Tag Archives: dogwood

A Short Season

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Savoring now and anticipating Heaven…

The rhythm of the seasons amazes and comforts me from year to year as colors, temperatures and scents change according to their predetermined timetables.  Springtime in my yard brings the tiny (and sorely neglected!) crocuses next to my driveway, followed by a stray daffodil or two.  As this process starts, my dogwood tree is sprouting tiny little crowns which eventually become the centers of the trademark cross-shaped blossoms the dogwood is known for.

The month of May brings the opening of the peonies, one of my favorite flowers in the world.  When we moved into our house, we inherited a long row of white double peonies that a previous owner had planted and cared for.  I haven’t done much to them in the years we have lived in our home—I need to divide them so they will thrive and not die out.

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These flowers have a short blooming season, a time I anticipate with joy each year.  As lovely as the fluffy blossoms are to see, their fragrance is the most intoxicating thing about them.  I fell in love with that aroma from the first time it entered my nostrils and lodged itself in my memory.  It’s difficult to describe a scent, but the peony smells both sweet and earthy when it is in full bloom.  Once I saw someone on television offering a perfume with the word “Peony” in its name, and I thought, “How wonderful that this essence has been bottled!”  And I bought a bottle, only to find myself sorely disappointed.  It smelled nothing like peonies at all.  Some things just can’t be captured.

Now I realize that I just need to enjoy the beauty of the peonies and their heavenly fragrance during the brief time when they are in bloom.  I can photograph their visual beauty to enjoy during the remainder of the year when they are dormant.  As for that fragrance, I imagine that Heaven is filled with scents as lovely as the essence of the peonies…and in Heaven, that aroma is not limited by a Short Season.

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Dogwood Legends

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A tree, a flower and a symbol…

My dogwood tree is starting to bud.  Tiny but recognizable cross-shaped blossoms are emerging from its scraggly, thin branches.  On this Good Friday, I can’t help but think about the symbolism of the dogwood tree and the speculations of how it came to appear the way it does today.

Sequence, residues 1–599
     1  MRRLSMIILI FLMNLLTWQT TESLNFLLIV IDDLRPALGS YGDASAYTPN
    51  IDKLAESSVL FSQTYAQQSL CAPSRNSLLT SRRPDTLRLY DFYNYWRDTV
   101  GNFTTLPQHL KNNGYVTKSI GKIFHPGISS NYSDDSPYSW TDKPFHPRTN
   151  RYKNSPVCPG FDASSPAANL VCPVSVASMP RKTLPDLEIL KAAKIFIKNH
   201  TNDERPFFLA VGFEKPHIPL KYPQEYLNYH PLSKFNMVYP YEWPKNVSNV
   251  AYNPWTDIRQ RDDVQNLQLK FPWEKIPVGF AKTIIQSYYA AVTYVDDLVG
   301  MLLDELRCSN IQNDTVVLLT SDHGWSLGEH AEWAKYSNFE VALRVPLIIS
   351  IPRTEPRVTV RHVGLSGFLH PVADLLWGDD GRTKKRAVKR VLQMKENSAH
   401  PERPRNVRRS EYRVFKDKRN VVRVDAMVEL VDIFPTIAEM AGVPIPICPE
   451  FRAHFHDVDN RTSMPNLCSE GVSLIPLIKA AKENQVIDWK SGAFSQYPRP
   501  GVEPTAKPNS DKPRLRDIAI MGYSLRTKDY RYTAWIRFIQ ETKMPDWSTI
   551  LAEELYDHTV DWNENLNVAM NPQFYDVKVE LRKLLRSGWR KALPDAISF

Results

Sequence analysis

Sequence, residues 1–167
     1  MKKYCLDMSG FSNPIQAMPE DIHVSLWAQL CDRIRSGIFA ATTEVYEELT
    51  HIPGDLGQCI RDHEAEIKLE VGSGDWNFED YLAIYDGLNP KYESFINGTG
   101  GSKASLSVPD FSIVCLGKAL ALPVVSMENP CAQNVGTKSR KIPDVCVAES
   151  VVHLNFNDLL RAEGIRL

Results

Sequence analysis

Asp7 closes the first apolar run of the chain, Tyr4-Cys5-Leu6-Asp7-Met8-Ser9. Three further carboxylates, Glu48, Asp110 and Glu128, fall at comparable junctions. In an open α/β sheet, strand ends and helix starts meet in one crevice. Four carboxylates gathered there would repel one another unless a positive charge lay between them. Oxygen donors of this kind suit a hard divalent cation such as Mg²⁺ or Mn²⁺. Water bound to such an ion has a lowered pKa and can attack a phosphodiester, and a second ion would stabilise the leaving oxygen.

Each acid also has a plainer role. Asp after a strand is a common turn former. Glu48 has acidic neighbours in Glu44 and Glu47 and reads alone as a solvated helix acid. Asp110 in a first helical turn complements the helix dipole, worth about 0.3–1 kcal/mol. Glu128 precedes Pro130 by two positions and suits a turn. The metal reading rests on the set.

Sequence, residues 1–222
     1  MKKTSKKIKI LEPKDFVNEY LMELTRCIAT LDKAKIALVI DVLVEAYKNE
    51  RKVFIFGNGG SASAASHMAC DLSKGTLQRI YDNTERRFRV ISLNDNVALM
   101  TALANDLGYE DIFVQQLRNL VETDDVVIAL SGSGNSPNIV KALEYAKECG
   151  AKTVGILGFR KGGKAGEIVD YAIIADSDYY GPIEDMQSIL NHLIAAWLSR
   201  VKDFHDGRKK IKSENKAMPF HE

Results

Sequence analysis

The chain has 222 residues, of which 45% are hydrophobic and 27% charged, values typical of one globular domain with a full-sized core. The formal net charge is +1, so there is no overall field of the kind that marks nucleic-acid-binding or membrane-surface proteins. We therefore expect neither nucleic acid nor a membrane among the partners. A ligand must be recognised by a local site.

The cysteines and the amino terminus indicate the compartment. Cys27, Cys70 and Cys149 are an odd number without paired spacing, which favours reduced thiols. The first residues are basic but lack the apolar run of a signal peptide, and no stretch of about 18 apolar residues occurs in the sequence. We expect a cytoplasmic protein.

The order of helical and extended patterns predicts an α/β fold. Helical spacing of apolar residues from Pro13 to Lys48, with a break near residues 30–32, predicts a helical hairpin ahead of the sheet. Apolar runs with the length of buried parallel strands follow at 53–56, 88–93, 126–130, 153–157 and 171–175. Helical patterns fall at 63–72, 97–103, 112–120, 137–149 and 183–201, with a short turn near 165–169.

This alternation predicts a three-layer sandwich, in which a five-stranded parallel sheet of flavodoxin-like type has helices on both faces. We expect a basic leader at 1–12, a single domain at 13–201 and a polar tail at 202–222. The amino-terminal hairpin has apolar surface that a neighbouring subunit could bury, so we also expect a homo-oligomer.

I grew up hearing various legends and poems about how the dogwood was thought to be the kind of tree from which Jesus’s cross was made.  I am not a historian, botanist or scientist, so I have no concrete basis to assert whether or not these legends are true.  But when I look at the humble dogwood, I can see distinct symbols.

The dogwood’s most distinctive feature is its cross-shaped bloom which emerges every spring.  In the center of each blossom is a round green cluster thought to represent the crown of thorns placed on Christ’s head.  The edge of each of the four petals, or bracts, has what looks like a small tear or rip, and that rip symbolizes the tearing of Jesus’s flesh by the nails in His hands and feet and the spear in His side.  This rip is usually tinged with a reddish-brown edge, symbolic of His shed blood.  White dogwoods signify the purity of Jesus and His perfect atonement on the cross, while the pink dogwood is thought to blush in shame at being the tree used to build the cross.  The leaves of the dogwood turn a mottled red in the fall, again symbolizing the blood of Christ.

According to legend, the dogwood once grew tall, strong and sturdy, which is why it was chosen to be the tree from which the cross would be constructed.  After the crucifixion, the dogwood’s shame was such that it never again grew in a way that would allow it to be used for such a horrible purpose. Instead it grows into the smallish, gnarled tree we see today.

I marvel at the humble dogwood and its many reminders of the sacrifice Christ made on the cross, for me, for all.  Skeptics can say that all the symbols depicted are mere coincidence, and I suppose that is possible.  All I know is that, for me, the dogwood serves as a poignant reminder Christ’s life and death.  He paid a debt He did not owe, because I owed a debt I could not pay.

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